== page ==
Calls For Further Mesothelioma Research After Grandfather's Death

Exposure To Asbestos Fibres Caused The Deadly Disease


Dave Grimshaw, Press Officer | 0114 274 4397
The partner of a former postman, who died at the age of 66, has called for further research into mesothelioma to find a cure.

Terence McCarthy, who was known as Terry, thought he was suffering from a chest infection, but tests in 2013 confirmed he had the deadly form of cancer, which was caused by his exposure to asbestos fibres 40 years earlier. 

Symptoms of mesothelioma usually develop 10-50 years after exposure to the substance, with sufferers living an average of 9-14 months following diagnosis.

His partner of 15 years, Margaret Poole, has now said more must be done to fund research into mesothelioma, which she described as a “death sentence”. She told The Bolton News that she had to watch her partner lie in agony for the final six months of his life.

She noted that very few people have heard of mesothelioma and are unaware of the devastating impact it can have on sufferers.

Her calls for an increased research in this area come after the Health and Safety Executive revealed a dramatic increase in the number of deaths from mesothelioma, with cases increasing 10 per cent in recent years. The British Lung Foundation has claimed the figures will continue to rise until around 2020, despite previous reports stating the peak would be reached in 2016.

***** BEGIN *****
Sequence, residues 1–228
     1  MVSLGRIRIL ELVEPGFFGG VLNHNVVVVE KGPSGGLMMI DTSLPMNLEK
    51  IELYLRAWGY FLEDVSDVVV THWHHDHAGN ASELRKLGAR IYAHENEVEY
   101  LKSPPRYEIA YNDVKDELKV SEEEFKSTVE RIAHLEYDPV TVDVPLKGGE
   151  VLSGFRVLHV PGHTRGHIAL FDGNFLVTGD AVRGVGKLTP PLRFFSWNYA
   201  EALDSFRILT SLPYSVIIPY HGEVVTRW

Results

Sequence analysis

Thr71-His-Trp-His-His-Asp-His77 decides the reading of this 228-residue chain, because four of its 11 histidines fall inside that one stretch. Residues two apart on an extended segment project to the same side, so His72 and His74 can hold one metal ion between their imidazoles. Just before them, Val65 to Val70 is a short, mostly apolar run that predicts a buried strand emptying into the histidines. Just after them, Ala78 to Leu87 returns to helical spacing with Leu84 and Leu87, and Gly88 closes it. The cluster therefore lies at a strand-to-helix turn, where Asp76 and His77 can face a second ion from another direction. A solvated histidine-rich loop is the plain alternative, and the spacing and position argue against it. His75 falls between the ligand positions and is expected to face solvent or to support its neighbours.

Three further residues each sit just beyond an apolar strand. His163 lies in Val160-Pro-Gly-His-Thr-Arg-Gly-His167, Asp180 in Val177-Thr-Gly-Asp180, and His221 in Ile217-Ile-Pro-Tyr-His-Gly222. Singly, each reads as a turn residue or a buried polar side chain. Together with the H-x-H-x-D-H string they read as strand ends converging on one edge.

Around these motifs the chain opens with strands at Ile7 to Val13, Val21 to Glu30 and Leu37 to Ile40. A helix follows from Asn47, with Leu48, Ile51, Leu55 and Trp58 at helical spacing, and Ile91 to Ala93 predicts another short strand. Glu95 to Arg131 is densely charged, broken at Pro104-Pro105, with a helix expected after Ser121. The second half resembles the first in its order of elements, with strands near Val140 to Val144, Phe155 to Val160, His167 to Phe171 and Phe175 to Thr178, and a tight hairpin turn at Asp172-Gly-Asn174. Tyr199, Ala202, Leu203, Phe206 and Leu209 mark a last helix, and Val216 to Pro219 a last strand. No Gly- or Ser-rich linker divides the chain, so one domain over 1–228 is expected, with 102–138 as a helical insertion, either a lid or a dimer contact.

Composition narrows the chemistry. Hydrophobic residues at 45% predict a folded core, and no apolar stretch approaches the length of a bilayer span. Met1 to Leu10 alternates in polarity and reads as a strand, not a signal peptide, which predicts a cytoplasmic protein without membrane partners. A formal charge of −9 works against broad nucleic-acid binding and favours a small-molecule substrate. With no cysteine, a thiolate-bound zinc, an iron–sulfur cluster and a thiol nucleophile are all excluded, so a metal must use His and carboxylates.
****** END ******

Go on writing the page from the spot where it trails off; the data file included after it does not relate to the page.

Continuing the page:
If you or a loved one has been diagnosed with mesothelioma as a result of exposure to asbestos, our expert mesothelioma lawyers could help you claim compensation. See our Asbestos-Related Disease Claims Guide for more information.

Expert Opinion
Mesothelioma is an aggressive and incurable cancer which causes a significant amount of distress to victims like Terence. Due to the long period of time between exposure and the appearance of symptoms, it can be difficult for people to recall how and when they came into contact with asbestos fibres.

"Sadly many employees in a variety of industries were let down by their employers, who knew about the dangers of asbestos fibres and dust, and this case highlights the devastating impact exposure to these materials can have years down the line. Through our work in cases similar to Terry’s, we have seen first-hand the terrible consequences that asbestos exposure has for victims, their families and local communities."
Geraldine Coombs, Partner